A Malaysian journalist on trial over comments posted by readers on his news website said on Tuesday reporters should not “give up” in the face of “harassment” by Prime Minister Muhyiddin Yassin’s government, days ahead of an expected verdict in the case.
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Last year, Malaysia’s attorney-general filed an application to cite Malaysiakini and its editor-in-chief Steven Gan for contempt of court over five comments posted by readers on its website that it said undermined public confidence in the judiciary.
Malaysiakini and Gan, who could face a jail term as well as a fine, have maintained they could not be held responsible and the offending comments had been immediately removed after they were contacted by police.
The Federal Court is expected to return a verdict on Friday in the case, widely seen as a test for press freedom in the country.
Muhyiddin’s office did not immediately respond to a request for comment.
“We as journalists should not give up,” Gan said, speaking at the Reuters Next conference, adding that a new generation of journalists was “just as driven and just as determined to struggle to fight for press freedom for many years to come.”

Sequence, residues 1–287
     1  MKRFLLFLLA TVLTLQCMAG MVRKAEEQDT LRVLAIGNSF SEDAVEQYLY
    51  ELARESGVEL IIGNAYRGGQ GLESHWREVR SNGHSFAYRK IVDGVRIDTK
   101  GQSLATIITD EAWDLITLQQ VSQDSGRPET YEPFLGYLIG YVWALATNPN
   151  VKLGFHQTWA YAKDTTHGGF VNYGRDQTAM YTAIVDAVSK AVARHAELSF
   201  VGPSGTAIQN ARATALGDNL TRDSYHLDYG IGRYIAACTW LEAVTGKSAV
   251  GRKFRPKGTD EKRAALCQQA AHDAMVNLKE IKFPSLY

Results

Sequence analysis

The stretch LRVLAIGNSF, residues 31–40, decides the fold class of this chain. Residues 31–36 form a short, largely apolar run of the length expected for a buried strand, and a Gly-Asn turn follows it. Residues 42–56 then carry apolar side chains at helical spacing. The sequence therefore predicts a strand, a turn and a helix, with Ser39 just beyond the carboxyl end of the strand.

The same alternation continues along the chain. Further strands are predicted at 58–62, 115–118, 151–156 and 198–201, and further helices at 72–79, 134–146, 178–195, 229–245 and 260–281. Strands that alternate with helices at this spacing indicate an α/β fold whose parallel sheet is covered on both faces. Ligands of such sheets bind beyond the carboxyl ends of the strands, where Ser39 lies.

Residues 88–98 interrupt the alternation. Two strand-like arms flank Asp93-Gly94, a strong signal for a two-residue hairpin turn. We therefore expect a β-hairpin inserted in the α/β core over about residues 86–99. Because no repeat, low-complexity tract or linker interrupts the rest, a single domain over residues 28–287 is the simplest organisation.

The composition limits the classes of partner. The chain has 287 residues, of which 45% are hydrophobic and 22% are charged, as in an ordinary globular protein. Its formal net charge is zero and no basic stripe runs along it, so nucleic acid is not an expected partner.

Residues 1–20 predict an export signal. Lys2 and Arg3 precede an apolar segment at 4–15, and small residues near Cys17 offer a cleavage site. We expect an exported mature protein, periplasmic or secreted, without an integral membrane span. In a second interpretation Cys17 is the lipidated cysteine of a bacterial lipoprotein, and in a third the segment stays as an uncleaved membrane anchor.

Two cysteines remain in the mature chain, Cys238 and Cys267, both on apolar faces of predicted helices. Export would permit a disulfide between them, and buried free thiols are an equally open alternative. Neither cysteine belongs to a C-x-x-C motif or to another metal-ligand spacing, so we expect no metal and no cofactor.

He said in the two decades since he founded Malaysiakini, its journalists had been declared traitors, faced debilitating cyber-attacks, kicked out of press conferences, arrested, and raided by the police.
“Malaysia voted for a reformist government about two years ago but that did not last. I guess the old regime does not give up easily,” he said.
An alliance of opposition parties won Malaysia’s general election in 2018, in a stunning defeat of the coalition that ruled the Southeast Asian country since independence from Britain six decades ago.
Muhyiddin unexpectedly emerged as prime minister in March last year after forging an alliance with parties from the former ruling coalition to gain a parliamentary majority. The opposition have accused him of stealing power by shifting alliances instead of earning it at the ballot box.
Malaysia has moved up the World Press Freedom index compiled by Reporters Without Borders in recent years. But rights groups have said freedom of speech and freedom of the press face renewed pressure under the new government.
Gan said despite the legal challenges, the situation facing journalists elsewhere in Southeast Asia was even worse.
“While you definitely face harassment from the government you don’t get to the point where journalists are being killed touch wood,” he said. “We are relatively better off.”
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